The company announced collaborations for its new hybrid quantum-classical computing platform with multiple quantum hardware providers, software providers, and supercomputing centres such as Quantinuum, Pasqal, QC Ware, IQM Quantum Computers, Zapata Computing, and Lawrence Berkeley National Laboratory
NVIDIA has introduced a unified computing platform called NVIDIA Quantum Optimized Device Architecture (QODA) to help accelerate breakthroughs in quantum research and development across artificial intelligence (AI), high performance computing (HPC), finance, health, and other fields.
QODA is designed to increase the accessibility of quantum computing by developing a coherent hybrid quantum-classical programming model, said the US-based tech major.
The company said that experts in HPC and AI can use the new platform to seamlessly add quantum computing to existing applications.
NVIDIA claimed that the QODA platform is a first-of-its-kind for hybrid quantum-classical computers. The platform facilitates integration and programming of quantum processing units (QPUs), graphic processing units (GPUs), and central processing units (CPUs) in a single system.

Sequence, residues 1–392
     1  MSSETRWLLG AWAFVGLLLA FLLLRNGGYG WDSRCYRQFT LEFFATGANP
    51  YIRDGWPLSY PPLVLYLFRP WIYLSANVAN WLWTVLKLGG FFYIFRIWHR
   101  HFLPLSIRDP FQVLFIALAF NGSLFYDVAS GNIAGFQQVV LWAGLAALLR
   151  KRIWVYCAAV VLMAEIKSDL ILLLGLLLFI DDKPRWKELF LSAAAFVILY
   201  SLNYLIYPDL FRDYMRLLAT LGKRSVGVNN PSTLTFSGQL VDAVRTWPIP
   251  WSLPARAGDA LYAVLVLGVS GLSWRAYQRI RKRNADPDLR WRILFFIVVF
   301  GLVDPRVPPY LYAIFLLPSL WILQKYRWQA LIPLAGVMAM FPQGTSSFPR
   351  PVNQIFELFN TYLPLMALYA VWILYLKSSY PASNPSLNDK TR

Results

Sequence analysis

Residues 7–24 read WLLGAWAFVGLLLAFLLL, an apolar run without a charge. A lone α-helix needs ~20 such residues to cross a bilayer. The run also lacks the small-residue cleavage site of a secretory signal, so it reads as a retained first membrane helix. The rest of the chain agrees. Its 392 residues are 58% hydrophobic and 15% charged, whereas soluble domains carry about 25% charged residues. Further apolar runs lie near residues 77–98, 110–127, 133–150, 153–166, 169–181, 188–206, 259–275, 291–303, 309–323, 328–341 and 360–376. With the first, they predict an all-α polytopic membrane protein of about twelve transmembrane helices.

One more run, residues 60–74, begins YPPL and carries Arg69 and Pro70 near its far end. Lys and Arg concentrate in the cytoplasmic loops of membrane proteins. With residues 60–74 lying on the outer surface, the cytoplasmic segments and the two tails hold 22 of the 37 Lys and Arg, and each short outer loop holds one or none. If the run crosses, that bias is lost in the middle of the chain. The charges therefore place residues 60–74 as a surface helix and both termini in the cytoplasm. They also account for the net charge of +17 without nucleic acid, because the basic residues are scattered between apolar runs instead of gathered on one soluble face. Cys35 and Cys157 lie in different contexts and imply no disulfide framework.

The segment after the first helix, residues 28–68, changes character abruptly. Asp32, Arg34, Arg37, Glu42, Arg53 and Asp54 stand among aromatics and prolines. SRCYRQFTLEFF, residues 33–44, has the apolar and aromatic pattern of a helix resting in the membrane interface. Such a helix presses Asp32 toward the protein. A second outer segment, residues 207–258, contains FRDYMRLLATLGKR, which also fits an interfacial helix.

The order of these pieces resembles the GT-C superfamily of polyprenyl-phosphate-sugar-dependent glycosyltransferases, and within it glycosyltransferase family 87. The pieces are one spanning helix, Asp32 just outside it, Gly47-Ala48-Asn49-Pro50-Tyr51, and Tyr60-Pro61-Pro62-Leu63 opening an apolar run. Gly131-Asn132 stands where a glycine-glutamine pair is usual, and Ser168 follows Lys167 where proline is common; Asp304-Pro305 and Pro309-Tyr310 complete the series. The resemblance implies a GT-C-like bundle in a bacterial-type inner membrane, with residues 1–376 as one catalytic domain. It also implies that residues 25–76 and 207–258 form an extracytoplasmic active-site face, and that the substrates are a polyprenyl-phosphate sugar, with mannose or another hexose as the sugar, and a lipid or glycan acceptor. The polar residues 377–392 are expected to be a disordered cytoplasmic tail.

QODA is said to enable the scalability and performance of GPU-accelerated systems across heterogeneous QPU, GPU, CPU, and emulated quantum system elements, said the company.
NVIDIA HPC and quantum computing products director Tim Costa said: “Scientific breakthroughs can occur in the near term with hybrid solutions combining classical computing and quantum computing.
“QODA will revolutionise quantum computing by giving developers a powerful and productive programming model.”
The company claimed that major quantum organisations are using its GPUs and the cuQuantum software to build individual quantum circuits. By using QODA, developers can develop complete quantum applications simulated with cuQuantum on GPU-accelerated supercomputers, said the company.
During the Q2B conference in Tokyo, the company announced collaborations for its new computing platform with multiple quantum hardware providers, software providers, and supercomputing centres. These include Quantinuum, IQM Quantum Computers, Pasqal, QC Ware, Zapata Computing, Lawrence Berkeley National Laboratory, and Oak Ridge National Laboratory.
Quantinuum chief engineer Alex Chernoguzov said: “Quantinuum is partnering with NVIDIA to enable users of Quantinuum’s H-series quantum processors, powered by Honeywell, to program and develop the next generation of hybrid quantum-classical applications with QODA.
“This ties together the best performing classical computers with our world-class quantum processors.”